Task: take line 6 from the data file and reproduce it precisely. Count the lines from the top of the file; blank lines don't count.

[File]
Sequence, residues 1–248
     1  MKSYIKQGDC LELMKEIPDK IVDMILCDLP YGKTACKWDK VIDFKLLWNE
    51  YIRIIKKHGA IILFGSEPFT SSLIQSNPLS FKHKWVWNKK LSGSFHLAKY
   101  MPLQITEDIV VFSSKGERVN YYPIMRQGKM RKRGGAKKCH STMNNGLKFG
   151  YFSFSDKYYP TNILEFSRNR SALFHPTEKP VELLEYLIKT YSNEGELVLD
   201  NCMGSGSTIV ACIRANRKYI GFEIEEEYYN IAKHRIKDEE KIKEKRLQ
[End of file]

   201  NCMGSGSTIV ACIRANRKYI GFEIEEEYYN IAKHRIKDEE KIKEKRLQ